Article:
These are links I added recently to my shared items at Google Reader. Just catching up.
  • "...there’s a nearly infinite universe of things you might wish to express that simply can’t fit into 140 characters. It's not that the Twitter form forces triviality upon us; it's possible to be creative and expressive within Twitter’s narrow constraints. But the form is by definition limited. Haiku is a wonderful poetic form, but most of us wouldn’t choose to adopt it for all of our verse." [via sippey]
  • Greenwald on Cronkite, Russert, Halberstam, Lapham, Hunter Thompson, and journalists as celebrities.
  • Nice summary of Fuelly with a list of things to do once you sign up. I bet interest increases directly with gas prices.
  • Google's take on YSlow--Yahoo's excellent website performance analyzer. Not as polished as YSlow, but looks promising and includes some analysis that YSlow doesn't cover such as CSS efficiency and image compression.
  • Ryan Tate on Oakland bloggers: "...I often found that bloggers were the only other writers in the room at certain city council committee meetings and at certain community events. They tended to be the sort of persistently-involved residents newspapermen often refer to as 'gadflies' — deeply, obsessively concerned about issues large and infinitesimal in the communities where they lived."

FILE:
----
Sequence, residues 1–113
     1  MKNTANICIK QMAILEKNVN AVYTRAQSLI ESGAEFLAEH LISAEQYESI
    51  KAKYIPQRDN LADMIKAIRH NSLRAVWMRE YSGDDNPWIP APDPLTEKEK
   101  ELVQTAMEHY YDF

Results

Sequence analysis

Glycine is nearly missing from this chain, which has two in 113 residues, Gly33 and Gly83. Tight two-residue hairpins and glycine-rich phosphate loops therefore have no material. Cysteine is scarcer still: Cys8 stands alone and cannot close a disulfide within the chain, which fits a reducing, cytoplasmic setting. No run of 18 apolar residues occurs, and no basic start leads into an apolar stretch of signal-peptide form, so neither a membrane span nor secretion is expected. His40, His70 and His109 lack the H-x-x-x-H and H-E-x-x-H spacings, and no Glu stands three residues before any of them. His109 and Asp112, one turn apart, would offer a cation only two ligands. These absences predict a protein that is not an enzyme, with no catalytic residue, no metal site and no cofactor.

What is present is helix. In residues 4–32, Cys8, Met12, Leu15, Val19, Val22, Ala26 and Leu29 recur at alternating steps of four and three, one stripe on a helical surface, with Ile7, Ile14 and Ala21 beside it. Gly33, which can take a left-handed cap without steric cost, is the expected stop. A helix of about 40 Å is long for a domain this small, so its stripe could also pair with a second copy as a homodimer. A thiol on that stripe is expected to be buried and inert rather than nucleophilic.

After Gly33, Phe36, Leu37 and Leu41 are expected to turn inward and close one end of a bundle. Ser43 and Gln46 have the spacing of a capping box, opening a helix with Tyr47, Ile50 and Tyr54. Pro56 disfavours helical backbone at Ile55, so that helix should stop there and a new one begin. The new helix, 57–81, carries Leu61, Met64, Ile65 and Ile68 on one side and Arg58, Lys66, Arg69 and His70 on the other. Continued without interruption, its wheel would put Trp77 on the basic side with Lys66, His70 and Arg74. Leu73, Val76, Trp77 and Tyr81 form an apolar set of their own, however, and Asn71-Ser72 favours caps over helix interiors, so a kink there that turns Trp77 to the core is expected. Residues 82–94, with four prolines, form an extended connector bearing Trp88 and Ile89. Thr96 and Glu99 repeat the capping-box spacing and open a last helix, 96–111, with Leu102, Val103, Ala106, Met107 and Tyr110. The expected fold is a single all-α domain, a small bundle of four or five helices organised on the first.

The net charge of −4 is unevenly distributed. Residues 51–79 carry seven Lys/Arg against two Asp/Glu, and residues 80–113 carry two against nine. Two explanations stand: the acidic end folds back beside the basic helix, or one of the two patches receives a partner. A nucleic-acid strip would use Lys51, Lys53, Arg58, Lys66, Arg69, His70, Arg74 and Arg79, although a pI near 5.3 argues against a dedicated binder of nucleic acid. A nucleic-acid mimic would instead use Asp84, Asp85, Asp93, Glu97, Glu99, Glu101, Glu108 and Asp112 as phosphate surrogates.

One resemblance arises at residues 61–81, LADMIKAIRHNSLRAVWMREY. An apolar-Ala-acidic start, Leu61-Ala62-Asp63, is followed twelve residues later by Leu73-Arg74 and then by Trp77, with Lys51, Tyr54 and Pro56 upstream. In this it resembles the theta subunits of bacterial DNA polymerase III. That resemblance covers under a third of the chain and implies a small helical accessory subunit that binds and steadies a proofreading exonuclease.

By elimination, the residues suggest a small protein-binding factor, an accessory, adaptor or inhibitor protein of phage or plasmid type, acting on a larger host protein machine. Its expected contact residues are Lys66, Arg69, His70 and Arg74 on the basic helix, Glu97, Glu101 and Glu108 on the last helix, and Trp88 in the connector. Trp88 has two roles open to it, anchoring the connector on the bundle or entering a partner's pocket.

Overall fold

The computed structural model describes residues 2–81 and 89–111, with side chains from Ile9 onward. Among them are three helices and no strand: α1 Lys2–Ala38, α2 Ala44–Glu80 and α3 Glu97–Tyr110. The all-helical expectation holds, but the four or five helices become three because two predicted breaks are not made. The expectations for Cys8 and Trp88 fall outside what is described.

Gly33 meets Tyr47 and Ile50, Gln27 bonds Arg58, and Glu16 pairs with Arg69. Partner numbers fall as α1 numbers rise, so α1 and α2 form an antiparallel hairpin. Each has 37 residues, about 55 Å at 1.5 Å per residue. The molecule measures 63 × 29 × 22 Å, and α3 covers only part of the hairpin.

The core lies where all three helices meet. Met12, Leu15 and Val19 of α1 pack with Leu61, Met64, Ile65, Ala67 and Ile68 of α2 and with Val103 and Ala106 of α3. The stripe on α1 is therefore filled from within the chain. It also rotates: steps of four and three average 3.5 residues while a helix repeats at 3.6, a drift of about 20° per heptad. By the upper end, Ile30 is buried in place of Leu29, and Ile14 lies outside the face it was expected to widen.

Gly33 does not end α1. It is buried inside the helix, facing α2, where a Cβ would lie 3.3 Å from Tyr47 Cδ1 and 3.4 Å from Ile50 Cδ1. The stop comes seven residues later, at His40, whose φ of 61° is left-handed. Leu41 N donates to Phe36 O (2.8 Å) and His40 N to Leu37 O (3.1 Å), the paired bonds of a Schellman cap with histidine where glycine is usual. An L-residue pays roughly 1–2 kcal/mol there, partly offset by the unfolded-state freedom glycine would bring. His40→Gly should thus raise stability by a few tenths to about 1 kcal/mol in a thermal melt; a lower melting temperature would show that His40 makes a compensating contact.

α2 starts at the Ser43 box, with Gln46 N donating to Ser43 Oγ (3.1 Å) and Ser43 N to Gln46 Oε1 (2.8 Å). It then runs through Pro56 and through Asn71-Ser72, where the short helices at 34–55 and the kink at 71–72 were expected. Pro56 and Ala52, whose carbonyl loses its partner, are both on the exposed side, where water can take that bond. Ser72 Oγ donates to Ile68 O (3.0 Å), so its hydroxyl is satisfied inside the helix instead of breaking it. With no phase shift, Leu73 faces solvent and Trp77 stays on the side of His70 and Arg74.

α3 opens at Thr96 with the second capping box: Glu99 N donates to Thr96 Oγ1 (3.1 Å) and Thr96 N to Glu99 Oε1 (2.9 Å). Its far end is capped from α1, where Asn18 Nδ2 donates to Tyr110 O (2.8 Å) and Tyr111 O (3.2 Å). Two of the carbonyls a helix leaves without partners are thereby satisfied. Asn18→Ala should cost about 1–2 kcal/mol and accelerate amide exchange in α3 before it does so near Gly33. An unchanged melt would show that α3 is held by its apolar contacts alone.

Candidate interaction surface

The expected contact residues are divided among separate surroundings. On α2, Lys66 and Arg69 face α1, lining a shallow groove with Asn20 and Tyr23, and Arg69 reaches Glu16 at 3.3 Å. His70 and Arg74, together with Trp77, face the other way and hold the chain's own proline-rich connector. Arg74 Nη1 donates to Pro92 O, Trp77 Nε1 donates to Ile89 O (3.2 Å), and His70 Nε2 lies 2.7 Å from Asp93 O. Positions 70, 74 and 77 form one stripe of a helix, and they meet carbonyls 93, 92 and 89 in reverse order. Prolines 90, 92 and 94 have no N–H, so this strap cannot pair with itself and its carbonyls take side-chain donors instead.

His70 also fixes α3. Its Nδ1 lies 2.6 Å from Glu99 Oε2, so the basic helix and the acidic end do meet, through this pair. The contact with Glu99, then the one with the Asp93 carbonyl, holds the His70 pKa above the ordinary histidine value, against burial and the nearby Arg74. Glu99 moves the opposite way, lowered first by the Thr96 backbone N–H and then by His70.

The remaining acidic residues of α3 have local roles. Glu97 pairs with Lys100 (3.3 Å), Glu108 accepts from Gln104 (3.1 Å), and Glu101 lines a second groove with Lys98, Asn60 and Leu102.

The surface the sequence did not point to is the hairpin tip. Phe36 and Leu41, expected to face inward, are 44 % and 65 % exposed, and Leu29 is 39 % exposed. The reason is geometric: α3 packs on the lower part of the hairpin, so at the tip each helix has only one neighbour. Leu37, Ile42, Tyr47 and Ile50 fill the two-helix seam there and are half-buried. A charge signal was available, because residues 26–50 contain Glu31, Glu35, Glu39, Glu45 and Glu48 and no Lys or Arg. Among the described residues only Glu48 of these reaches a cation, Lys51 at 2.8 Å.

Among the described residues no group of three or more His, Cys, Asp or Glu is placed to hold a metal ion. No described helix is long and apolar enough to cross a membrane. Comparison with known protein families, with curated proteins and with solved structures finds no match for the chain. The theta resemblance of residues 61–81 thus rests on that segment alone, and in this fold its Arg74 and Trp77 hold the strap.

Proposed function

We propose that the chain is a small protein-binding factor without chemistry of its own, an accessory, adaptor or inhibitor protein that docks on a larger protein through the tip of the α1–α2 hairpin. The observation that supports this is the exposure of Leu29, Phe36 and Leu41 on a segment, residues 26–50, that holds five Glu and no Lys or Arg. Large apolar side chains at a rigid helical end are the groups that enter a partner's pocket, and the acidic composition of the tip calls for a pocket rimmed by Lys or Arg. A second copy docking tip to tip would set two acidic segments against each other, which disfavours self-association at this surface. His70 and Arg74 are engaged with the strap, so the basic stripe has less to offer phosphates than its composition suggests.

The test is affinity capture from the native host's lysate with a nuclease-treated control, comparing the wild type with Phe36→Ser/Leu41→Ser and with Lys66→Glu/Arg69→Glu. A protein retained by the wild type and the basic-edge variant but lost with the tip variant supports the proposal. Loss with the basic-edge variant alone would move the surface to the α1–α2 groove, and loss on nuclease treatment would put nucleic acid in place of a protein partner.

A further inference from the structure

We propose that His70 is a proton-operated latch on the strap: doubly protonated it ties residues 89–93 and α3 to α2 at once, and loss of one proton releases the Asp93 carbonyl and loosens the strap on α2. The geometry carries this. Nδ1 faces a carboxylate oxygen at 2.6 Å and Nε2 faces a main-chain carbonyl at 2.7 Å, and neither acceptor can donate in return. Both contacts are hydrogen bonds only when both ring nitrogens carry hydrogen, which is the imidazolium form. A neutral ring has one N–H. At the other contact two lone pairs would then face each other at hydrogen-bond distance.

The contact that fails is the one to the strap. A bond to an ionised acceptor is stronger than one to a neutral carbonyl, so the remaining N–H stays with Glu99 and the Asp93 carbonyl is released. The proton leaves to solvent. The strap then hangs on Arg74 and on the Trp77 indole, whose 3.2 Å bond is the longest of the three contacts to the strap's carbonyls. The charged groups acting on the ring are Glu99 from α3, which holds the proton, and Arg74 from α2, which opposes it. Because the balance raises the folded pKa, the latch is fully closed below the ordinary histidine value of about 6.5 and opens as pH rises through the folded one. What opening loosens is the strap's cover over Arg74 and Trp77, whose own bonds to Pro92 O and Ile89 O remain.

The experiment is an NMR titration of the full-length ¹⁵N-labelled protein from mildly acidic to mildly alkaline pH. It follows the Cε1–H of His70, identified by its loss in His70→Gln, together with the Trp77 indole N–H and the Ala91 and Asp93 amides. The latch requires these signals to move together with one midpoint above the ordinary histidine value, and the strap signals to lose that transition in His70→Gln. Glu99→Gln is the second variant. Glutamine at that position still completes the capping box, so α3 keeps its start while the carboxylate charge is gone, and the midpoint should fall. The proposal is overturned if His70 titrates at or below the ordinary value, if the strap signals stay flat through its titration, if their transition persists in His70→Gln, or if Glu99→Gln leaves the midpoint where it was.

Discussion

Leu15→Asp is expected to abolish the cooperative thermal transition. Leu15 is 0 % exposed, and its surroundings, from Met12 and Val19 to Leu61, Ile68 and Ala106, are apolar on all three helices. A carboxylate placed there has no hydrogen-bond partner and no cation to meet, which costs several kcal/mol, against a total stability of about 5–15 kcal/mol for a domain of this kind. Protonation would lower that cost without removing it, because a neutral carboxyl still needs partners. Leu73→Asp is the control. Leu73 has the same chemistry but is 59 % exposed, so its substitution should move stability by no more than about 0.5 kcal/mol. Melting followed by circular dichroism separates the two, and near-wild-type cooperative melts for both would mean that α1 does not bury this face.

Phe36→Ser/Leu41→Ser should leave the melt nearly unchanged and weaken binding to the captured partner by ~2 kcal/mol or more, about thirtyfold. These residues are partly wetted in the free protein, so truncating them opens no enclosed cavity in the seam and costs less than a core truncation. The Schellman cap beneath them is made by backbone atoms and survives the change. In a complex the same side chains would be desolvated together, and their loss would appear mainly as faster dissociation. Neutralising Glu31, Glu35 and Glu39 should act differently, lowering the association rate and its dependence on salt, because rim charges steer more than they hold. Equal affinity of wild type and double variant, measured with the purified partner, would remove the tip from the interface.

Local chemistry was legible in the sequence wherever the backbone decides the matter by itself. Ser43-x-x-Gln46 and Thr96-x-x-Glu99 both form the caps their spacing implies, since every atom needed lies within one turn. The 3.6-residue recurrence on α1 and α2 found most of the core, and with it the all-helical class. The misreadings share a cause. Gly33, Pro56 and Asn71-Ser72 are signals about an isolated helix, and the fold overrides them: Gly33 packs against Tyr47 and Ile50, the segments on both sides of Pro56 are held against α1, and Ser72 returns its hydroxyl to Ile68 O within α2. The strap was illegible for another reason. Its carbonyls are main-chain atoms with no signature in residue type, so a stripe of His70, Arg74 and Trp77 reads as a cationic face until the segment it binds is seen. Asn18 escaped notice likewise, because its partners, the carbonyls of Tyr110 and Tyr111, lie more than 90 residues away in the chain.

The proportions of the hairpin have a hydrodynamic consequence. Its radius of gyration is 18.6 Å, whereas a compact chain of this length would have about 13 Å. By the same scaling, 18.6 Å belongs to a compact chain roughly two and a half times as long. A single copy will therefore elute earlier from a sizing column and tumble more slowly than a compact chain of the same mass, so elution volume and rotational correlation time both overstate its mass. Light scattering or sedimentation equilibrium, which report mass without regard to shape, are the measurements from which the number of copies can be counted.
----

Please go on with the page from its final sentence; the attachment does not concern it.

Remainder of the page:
• "They certainly don't make SF book jackets like they used to." Fun post about classic Penguin book covers. I enjoyed browsing through the Penguin Covers on Flickr as well, and I recommend Penguin By Design by Phil Baines for even more design inspiration.
  • Eric Johnson covered on a Nintendo. He mimicked the guitar tones (including harmonics) well. I can almost picture the side-scrolling shooting spree this could back. [via waxy]
  • Lifehacker brings down the hammer on commenters. Interesting to see what will earn someone an instant ban from their site; it's a catalog of bad online behavior.
  • Bruce Sterling is taking over as editor of Cool Tools. Neat.
  • "Open, decentralized micropublishing." A distributed Twitter sounds fine, but don't we already have this in the form of "weblogs" and "newsreaders"--and without the 140 character restraint?!
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